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Davis, Sparks square off in forum

BY LEESHA FAULKNER

THE SELMA TIMES-JOURNAL

A political forum hosted by the Dallas County Democratic Executive Committee provided some insight into the hotly contested battle for the nomination for governor.

Congressman Artur Davis of the 7th Congressional District and state Agriculture Commissioner Ron Sparks squared off just as soon as they took the stage about 30 minutes into the forum, which was broadcast live on local radio.

Davis fielded a question about his opposition to the health care vote, saying he voted against the measure because “It was the wrong bill.”

Davis, who has represented the Black Belt in Congress for eight years, has taken a great deal of political heat for this vote, especially among the poor and minority groups.

Sparks came right back and said he would have voted differently on the bill, saying the people of Alabama deserve affordable health care.

Then, Sparks chastised Davis. “Congressman, you turned your back on the people you represent,” the commissioner said.

Davis pointed out that Sparks had said “different things to different people,” depending on the bend of the crowd.

For instance, at a Business Council of Alabama forum last August, Sparks said, “You know we have 48 million Americans without health care in this country today. Do we need reform in health care? Absolutely. But do I support the current legislation that we have on the table? No I don’t. And I commend Congress by slowing this down and not moving swiftly, but we have definitely got to get our hands around health care reform in this country.”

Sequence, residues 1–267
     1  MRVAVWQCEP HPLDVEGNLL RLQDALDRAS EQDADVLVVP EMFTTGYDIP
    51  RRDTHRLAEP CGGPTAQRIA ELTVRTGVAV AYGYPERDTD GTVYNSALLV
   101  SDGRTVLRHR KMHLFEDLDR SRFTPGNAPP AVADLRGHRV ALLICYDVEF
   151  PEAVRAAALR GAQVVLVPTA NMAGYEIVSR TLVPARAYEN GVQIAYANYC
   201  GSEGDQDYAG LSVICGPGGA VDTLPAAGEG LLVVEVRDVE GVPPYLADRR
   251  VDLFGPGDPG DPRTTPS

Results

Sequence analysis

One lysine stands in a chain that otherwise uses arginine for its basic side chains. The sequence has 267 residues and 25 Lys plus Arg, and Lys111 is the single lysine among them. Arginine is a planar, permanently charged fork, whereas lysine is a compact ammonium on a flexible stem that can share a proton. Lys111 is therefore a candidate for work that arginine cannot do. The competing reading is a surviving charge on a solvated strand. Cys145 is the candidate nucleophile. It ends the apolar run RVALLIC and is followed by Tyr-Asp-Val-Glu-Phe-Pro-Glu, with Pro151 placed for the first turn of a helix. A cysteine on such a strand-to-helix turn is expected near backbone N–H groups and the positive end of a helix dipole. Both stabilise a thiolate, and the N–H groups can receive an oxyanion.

Sparks continued to try to attack Davis’ voting record on several issues and paint the congressman as a step-and-fetch-it for special interests. At one point, Sparks attempted to link Davis with big oil interests, saying he had accepted money from big oil and voted its way.

However, a check of Davis’ voting record shortly after the forum showed the congressman voted to roll back $14 billion in subsidies and tax breaks for big oil companies and to invest those funds into clean energy programs in what was known as the Energy Independence and Security Act of 2007.

The congressman on three occasions has voted for bill to eliminate or reduce the manufacturing or tax deduction for oil and gas companies, including in Renewable Energy and Energy Conservation Tax Act of 2008, which extended through 2011 the tax credit for production of electricity from renewable sources and denied the tax deduction for income derived from domestic production of oil, gas or related products for major oil companies.

The other legislation voted for by Davis that took on big oil companies included an amendment that would require standards of 35 mpg for cars and light trucks and require 36 billion gallons of biofuels blended into gasoline by 2022. The revenue stream in this particular bill included a $21.5 billion package of tax incentives paid for by the elimination or reduction of $13 billion subsidies for big oil.

The gubernatorial race was only one of several presented in the forum Monday night at the Larry Striplin Performing Arts Center. Others included the 7th District Congressional race to fill the seat vacated by Davis’ run for governor, a candidate for Dallas County Sheriff and a candidate for Alabama Senate District 23. Neither incumbent holding those seats accepted the invitation to the forum.

The forum continues this evening at 6 p.m. at the center with presentations from candidates running for district attorney, district judge, attorney general and the state House of Representatives District 67 and District 69.